Medicare is paying for nonsense. I recently wrote about the free preventive medicine appointments offered by Medicare. Those are worthwhile and are based on good science, but I was surprised to see that Medicare sometimes departs from rigorously science-based standards. They also cover alternative medicine treatments based on fantasy. Chiropractic According… read more "Medicare and Alternative Medicine"
Biofield tuning uses tuning forks to assess the health of clients. This study of inter-rater agreement is a prime example of Tooth Fairy science. A study recently published in The Journal of Alternative and Complementary Medicine is titled “Inter-Rater Agreement of Biofield Tuning: Testing a Novel Health Assessment Procedure.” It is… read more "Biofield Tuning: Another Example of Tooth Fairy Science"
Acupuncturists do a systematic review and reveal they can’t reliably locate acupoints. No wonder: they don’t exist. Even acupuncturists themselves are beginning to wonder. A critical systematic review of accuracy and precision in acupuncture point location was recently published in the Journal of Acupuncture and Meridian Studies. They point out that “Accuracy of… read more "Do Acupuncture Points Exist? Can Acupuncturists Find Them?"
According to research methodologist R. Barker Bausell, “CAM [complementary and alternative medicine] therapists simply do not value (and most, in my experience, do not understand) the scientific process.” They have seen their patients improve, and that’s all the “evidence” they think they need. They don’t understand that they may have been… read more "How Not To Do Science"
The publisher recently sent me a review copy of Quackery: The 20 Million Dollar Duck, by Tony Robertson. My first thought was “Do we really need another book on this subject? Don’t I know all this stuff already?” I was very pleasantly surprised. Robertson has ferreted out an impressive array of… read more "Quackery: The 20 Million Dollar Duck"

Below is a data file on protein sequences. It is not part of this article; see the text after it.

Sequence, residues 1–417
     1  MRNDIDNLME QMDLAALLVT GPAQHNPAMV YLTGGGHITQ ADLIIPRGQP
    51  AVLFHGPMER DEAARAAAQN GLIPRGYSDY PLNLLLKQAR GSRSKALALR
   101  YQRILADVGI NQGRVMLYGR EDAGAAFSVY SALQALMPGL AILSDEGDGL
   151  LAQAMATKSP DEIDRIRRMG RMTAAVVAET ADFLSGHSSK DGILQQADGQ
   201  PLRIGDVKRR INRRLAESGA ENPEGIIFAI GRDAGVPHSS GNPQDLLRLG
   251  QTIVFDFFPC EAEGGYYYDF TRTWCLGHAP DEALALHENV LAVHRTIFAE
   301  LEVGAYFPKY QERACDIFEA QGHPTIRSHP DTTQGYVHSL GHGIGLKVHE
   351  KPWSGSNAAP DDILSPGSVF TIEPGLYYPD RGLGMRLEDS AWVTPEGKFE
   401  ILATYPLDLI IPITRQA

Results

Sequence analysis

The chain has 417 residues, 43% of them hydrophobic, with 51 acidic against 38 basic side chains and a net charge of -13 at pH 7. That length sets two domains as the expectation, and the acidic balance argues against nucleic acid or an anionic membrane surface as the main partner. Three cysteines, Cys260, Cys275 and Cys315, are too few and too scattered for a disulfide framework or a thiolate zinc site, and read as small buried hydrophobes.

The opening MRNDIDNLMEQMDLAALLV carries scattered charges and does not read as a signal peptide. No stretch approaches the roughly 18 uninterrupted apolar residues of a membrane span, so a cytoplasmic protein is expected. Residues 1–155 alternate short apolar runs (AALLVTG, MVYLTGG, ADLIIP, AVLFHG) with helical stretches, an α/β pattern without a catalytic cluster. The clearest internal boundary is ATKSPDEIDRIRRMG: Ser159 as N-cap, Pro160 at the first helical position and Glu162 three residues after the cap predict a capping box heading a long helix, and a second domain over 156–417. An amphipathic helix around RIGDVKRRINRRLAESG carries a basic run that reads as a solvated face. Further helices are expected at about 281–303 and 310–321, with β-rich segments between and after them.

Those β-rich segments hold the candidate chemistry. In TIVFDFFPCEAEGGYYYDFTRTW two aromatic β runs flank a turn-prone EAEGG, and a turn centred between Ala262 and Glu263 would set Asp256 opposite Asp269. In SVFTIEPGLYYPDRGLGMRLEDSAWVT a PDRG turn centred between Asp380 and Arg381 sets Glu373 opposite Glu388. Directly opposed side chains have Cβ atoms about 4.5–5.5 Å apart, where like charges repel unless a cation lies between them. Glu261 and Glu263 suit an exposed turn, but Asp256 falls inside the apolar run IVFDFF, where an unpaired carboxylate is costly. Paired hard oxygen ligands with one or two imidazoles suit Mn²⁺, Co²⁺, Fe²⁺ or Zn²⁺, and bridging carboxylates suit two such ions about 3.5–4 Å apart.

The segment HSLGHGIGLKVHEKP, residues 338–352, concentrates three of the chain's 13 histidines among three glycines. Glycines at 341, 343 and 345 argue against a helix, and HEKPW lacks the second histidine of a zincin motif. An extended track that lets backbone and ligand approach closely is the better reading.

When tested, therapeutic touch (TT) practitioners failed to detect the human energy field they thought they could feel. Experimental setup from Rosa et al., from JAMA, 1998, 279 (13) A study out of Iran titled “Therapeutic touch for nausea in breast cancer patients receiving chemotherapy: Composing a treatment” was recently published… read more "Therapeutic Touch Pseudoscience: The Tooth Fairy Strikes Again"
Tooth Fairy Science is science that studies a phenomenon that doesn’t exist. You can do studies on the Tooth Fairy; for instance, comparing how much money she leaves to kids in different socioeconomic groups. You can do studies on the memory of homeopathic water. You can do studies on the… read more "Cranial Manipulation and Tooth Fairy Science"
The term evidence-based medicine (EBM) first appeared in the medical literature in 1992. There were two previous EBMs: Expert-Based Medicine and Experience-Based Medicine. In the 4th century BCE, Aristotle said men have more teeth than women. He was the expert, and for many centuries his error was perpetuated because no… read more "Evidence-Based Medicine, Tooth Fairy Science, and Cinderella Medicine"
The PowerPoint presentation that I gave at the Skeptic’s Toolbox workshop at the University of Oregon on August 7, 2009 is up on their website with the complete text of what I said. The theme of the workshop was scientific method. The title of my talk is “Tooth Fairy Science… read more "Applying Rigorous Science to Messy Medicine"
Chiropractic originated in 1895 when D.D. Palmer claimed to have restored deaf janitor Harvey Lillard’s hearing by manipulating his spine. This makes no anatomical sense, and few if any chiropractors claim to be able to reverse deafness today. But now a chiropractic website is attempting to vindicate D. D. Palmer.… read more "Chiropractic and Deafness: Back to 1895"